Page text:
Oxehealth awarded funding to develop Oxecam with cancer surgery patients at Oxford University Hospitals NHS Trust
Oxehealth, the camera-based health monitoring company, has been awarded funding from Innovate UK, the UK’s innovation agency, under the Digital Health in the Connected Hospital theme to extend its vital sign monitoring technology, in collaboration with Oxford University Institute of Biomedical Engineering and Oxford University Hospitals NHS Trust.
With a project value of £606,000, Oxehealth will develop and test its Oxecam technology in the extremely demanding environment of an upper gastro-intestinal ward of patients who have undergone cancer surgery.
Oxehealth has carried out a number of trials of the technology, including studies at the Oxford Kidney Unit, Churchill Hospital and at the Neonatal Intensive Care Unit, John Radcliffe Hospital, focusing on testing Heart Rate, Breathing Rate and Blood Oxygenation of patients. During this project, Oxehealth will for the first time extend the capabilities of the technology, testing all five essential patient monitoring vital signs at the same time, including blood pressure and temperature.
The project will test in a real-life setting how the Oxecam can improve upon the current approach of periodic observations by staff, which can be subject to inconsistencies, disturb the patients (especially at night), has potential for cross-contamination, and is costly in nurse hours. It will do this by using sophisticated algorithms to process video images and provide estimates of vital signs on a continuous basis.
“One of the most important, yet time-consuming, activities performed by nurses is the recording of vital signs,” said Catherine Stoddart, Chief Nurse at Oxford University Hospitals NHS Trust. “Nurses currently complete their routine monitoring for most hospital patients every 4-6 hours. Oxecam has the potential to help support hospital staff and greatly improve patient safety by providing round the clock monitoring of all five essential vital signs, thus allowing sudden and unexpected deterioration to be recognised early, and treated quickly. We are delighted to be embarking on this project together with Oxehealth, and hope to help alleviate pressures within the hospital system, and improve the quality of care nurses are able to provide.”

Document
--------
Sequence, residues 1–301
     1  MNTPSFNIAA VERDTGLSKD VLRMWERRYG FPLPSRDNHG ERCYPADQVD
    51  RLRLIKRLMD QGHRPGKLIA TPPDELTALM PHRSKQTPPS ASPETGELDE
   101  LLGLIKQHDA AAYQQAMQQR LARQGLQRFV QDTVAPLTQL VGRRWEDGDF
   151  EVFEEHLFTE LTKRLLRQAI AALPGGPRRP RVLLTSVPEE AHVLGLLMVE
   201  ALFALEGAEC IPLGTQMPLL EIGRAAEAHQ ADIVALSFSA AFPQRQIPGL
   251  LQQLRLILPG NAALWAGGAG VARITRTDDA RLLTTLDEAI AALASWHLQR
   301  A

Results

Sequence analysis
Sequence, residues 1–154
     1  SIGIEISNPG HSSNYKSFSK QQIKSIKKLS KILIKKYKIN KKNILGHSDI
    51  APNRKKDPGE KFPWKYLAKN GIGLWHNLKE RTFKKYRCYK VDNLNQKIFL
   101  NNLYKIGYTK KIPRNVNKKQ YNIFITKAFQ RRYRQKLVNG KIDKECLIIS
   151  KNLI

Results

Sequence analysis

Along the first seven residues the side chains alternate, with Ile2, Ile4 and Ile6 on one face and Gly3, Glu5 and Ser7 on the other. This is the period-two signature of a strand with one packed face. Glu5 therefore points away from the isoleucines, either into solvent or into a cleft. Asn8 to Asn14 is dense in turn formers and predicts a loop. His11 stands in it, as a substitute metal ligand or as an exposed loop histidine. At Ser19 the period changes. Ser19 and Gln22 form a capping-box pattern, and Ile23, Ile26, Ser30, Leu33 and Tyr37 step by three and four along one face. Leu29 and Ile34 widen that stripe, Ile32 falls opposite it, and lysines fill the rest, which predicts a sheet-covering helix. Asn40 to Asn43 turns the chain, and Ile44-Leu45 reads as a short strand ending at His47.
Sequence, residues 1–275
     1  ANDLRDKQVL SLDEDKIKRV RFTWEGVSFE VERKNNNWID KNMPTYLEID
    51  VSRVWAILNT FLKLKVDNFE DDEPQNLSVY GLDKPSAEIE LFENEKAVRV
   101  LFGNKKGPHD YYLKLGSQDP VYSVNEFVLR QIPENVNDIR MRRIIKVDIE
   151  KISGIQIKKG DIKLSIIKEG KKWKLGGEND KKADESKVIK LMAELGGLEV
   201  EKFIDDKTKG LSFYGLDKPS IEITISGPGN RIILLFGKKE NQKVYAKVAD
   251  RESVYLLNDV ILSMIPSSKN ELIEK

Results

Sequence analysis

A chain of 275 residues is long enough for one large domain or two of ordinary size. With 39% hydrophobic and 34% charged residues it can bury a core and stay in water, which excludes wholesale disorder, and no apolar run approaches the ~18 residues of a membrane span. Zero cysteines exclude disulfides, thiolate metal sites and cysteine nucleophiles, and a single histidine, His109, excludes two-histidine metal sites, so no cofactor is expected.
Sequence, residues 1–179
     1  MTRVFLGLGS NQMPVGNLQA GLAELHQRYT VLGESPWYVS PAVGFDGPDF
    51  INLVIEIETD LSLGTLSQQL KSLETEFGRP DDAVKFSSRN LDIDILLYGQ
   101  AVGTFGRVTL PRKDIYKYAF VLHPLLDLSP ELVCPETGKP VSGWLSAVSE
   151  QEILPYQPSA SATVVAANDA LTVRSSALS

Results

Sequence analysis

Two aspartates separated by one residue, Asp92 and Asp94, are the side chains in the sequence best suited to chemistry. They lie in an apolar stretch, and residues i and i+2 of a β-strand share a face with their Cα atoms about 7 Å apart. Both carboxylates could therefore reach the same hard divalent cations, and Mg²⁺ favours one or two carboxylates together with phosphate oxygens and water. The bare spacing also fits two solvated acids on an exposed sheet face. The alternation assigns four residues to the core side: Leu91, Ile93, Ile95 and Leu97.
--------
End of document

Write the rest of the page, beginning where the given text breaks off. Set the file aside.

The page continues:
The funding will allow the Oxecam technology to be tested with patients who are in the uncertain period, 2-5 days after surgery, when accurate monitoring is essential. Oxehealth’s CEO, Jonathan Chevallier, says, “We believe that cameras will revolutionize the future of health monitoring, providing a technology which can unobtrusively monitor patients for long periods of time in a range of different environments. Funding for this project will enable us to demonstrate the effectiveness of the technology in a demanding clinical environment and provide a strong platform for extending its use into other related healthcare uses.”
It is predicted that the NHS will have a deficit of 47,500 nurses by 2016, shortages that are mirrored internationally, and Oxehealth’s application seeks to help support nurses by freeing up time for other important tasks. Research currently shows that it takes a median of 7 minutes to spot check a patient’s vital signs, and this can add up to over an hour of each nurse’s shift.
The issue is that current methods are dated and restrictive, with too many opportunities for inaccurate record taking and cross-contamination. Oxehealth’s intention is to offer a low cost, non-contact video camera based system which will provide extended tracking of a patient’s vital signs. This will reduce the time that nurses spend on this arduous task whilst simultaneously reducing opportunities for cross-infection.
If successful, the project will be followed by steps to develop a finished version of the ‘five vital sign” Oxecam that will improve the care, safety and well-being of patients whilst saving money by simplifying patient safety checks.
How it works:
Oxecam is a set of algorithms which analyse data from video cameras to produce estimates of vital signs and other parameters.
In this new application, the algorithms will monitor five vital signs: the patient’s breathing and heart rate will be tracked to detect any significant variations; temperature will be monitored, particularly to help identify signs of sepsis; blood oxygenation will be tracked to identify any major de-saturations; and blood pressure to identify any hypotensive episodes.
The technology also works in the dark, using invisible infra-red illumination, so patients can sleep undisturbed. Video data is processed inside the camera unit, with the vital signs then transmitted to electronic patient record systems. If there is an issue, an alarm is generated to staff as appropriate.